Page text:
Polymerase chain reaction

Polymerase chain reaction (PCR) of stool tests are also available for the detection of Echinococcus infection.[6]



Although invasive, the subcutaneous edema of sparganosis and the space-occupying lesions of coenurosis and echinococcosis require surgery for diagnostic and therapeutic purposes.

Contributor Information and Disclosures

Lisandro Irizarry, MD, MPH, FACEP Chair, Department of Emergency Medicine, Wyckoff Heights Medical Center

Lisandro Irizarry, MD, MPH, FACEP is a member of the following medical societies: American Academy of Emergency Medicine, American College of Emergency Physicians, American College of Medical Toxicology, Society for Academic Emergency Medicine

Disclosure: Nothing to disclose.


Kim A Guishard, MD Vice Chairman, Department of Emergency Medicine, Wycroft Heights Medical Center

Kim A Guishard, MD is a member of the following medical societies: American College of Emergency Physicians, Society for Academic Emergency Medicine

Disclosure: Nothing to disclose.

Specialty Editor Board

Francisco Talavera, PharmD, PhD Adjunct Assistant Professor, University of Nebraska Medical Center College of Pharmacy; Editor-in-Chief, Medscape Drug Reference

Disclosure: Received salary from Medscape for employment. for: Medscape.

Eddy S Lang, MDCM, CCFP(EM), CSPQ Associate Professor, Senior Researcher, Division of Emergency Medicine, Department of Family Medicine, University of Calgary Faculty of Medicine; Assistant Professor, Department of Family Medicine, McGill University Faculty of Medicine, Canada

Eddy S Lang, MDCM, CCFP(EM), CSPQ is a member of the following medical societies: American College of Emergency Physicians, Society for Academic Emergency Medicine, Canadian Association of Emergency Physicians

Disclosure: Nothing to disclose.

Chief Editor

Jeter (Jay) Pritchard Taylor, III, MD Assistant Professor, Department of Surgery, University of South Carolina School of Medicine; Attending Physician, Clinical Instructor, Compliance Officer, Department of Emergency Medicine, Palmetto Richland Hospital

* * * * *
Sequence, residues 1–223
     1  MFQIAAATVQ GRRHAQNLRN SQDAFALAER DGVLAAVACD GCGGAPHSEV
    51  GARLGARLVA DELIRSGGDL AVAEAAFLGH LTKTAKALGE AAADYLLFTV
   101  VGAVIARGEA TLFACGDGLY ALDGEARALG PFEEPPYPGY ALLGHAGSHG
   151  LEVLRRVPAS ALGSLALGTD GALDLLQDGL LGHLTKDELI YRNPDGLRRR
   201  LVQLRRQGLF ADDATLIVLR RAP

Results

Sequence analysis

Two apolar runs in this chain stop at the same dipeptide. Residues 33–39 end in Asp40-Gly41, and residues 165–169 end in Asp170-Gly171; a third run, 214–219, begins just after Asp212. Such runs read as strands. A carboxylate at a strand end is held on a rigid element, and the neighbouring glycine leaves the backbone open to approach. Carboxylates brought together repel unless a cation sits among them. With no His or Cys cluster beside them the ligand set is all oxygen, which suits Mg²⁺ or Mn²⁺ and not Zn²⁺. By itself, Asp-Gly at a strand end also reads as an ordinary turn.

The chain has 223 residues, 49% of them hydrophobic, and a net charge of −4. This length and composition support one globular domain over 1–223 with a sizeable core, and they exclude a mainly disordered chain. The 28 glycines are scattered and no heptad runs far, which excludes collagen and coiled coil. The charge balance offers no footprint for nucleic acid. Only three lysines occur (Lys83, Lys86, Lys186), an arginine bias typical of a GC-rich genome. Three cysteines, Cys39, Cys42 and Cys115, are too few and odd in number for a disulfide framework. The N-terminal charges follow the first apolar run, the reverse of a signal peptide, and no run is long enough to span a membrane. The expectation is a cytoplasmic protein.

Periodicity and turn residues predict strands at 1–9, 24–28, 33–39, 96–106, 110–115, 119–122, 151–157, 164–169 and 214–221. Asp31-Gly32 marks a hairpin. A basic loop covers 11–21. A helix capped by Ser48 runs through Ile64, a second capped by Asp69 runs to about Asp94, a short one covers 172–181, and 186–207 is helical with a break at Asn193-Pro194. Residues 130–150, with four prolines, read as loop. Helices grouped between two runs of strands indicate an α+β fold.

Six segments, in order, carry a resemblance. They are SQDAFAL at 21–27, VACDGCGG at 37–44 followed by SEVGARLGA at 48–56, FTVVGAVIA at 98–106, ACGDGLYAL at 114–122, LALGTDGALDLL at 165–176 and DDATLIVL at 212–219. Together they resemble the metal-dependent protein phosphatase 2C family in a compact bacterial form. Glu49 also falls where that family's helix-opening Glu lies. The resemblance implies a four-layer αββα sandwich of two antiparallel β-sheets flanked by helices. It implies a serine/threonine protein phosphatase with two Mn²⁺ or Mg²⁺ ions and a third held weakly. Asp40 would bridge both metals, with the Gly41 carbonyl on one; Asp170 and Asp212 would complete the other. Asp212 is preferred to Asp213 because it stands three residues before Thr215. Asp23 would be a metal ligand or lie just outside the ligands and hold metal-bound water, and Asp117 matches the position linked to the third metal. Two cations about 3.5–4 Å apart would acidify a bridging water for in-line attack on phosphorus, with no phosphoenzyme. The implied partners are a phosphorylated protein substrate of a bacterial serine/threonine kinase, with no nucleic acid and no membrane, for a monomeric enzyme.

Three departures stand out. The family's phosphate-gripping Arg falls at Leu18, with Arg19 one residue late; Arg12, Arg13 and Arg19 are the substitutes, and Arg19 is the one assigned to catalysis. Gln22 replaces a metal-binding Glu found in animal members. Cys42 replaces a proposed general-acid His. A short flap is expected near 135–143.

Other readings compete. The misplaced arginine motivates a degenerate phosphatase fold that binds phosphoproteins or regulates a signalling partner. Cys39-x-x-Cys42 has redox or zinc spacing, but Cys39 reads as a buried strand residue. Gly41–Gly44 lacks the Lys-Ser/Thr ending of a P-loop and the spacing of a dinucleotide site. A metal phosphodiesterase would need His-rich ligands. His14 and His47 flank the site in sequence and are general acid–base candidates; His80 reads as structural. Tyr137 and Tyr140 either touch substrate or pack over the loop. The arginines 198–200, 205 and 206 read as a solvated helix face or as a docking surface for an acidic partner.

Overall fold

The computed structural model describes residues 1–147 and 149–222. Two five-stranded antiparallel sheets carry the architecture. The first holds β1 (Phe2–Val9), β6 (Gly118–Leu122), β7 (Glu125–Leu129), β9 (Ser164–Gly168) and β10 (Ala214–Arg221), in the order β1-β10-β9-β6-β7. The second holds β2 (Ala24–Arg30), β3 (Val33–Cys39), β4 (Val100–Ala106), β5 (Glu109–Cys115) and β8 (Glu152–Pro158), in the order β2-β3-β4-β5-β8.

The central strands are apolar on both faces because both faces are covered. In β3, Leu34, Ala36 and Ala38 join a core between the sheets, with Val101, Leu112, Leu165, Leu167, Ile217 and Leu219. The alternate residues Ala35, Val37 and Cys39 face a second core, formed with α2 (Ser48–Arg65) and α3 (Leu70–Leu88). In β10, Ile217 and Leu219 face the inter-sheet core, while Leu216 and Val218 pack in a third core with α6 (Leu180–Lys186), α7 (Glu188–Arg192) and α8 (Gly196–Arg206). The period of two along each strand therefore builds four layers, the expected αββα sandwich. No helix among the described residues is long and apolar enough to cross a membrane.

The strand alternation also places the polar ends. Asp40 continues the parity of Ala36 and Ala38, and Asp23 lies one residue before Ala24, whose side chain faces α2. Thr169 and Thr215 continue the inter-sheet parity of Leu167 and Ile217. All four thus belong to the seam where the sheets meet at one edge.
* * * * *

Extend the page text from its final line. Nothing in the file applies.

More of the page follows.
Jeter (Jay) Pritchard Taylor, III, MD is a member of the following medical societies: American Academy of Emergency Medicine, South Carolina Medical Association, Columbia Medical Society, South Carolina College of Emergency Physicians, American College of Emergency Physicians, American Medical Association, Society for Academic Emergency Medicine

Disclosure: Serve(d) as a director, officer, partner, employee, advisor, consultant or trustee for: Chief Editor for Medscape.

Additional Contributors

Richard S Krause, MD Senior Clinical Faculty/Clinical Assistant Professor, Department of Emergency Medicine, University of Buffalo State University of New York School of Medicine and Biomedical Sciences

Richard S Krause, MD is a member of the following medical societies: Alpha Omega Alpha, American Academy of Emergency Medicine, American College of Emergency Physicians, Society for Academic Emergency Medicine

Disclosure: Nothing to disclose.


The authors and editors of Medscape Reference gratefully acknowledge the contributions of previous author, Raquel Mora, MD, to the development and writing of this article.

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Adult tapeworm of Dipylidium caninum. Image courtesy of the Centers for Disease Control and Prevention (CDC).
Ultrasonographic appearance of echinococcal cysts (Gharbi type I, World Health Organization [WHO] standardized classification CE1).
Diagram of the Echinococcus life cycle. Image courtesy of the Centers for Disease Control and Prevention.
Table 1. Cestodes and Their Hosts
Cestode Primary Host Intermediate Host
T solium Humans Pigs, humans, dogs, cats, sheep
T saginata Humans Cattle
Diphyllobothrium Humans Fish
Hymenolepis Humans Hymenolepis nana: None; Hymenolepis diminuta: Rodents
D caninum Humans, dogs, cats Fleas on dogs/cats
Echinococcus Dogs Humans, sheep, cattle, goats, horses, camel
Spirometra Humans  
T multiceps   Hares, rabbits, squirrels, humans (rarely)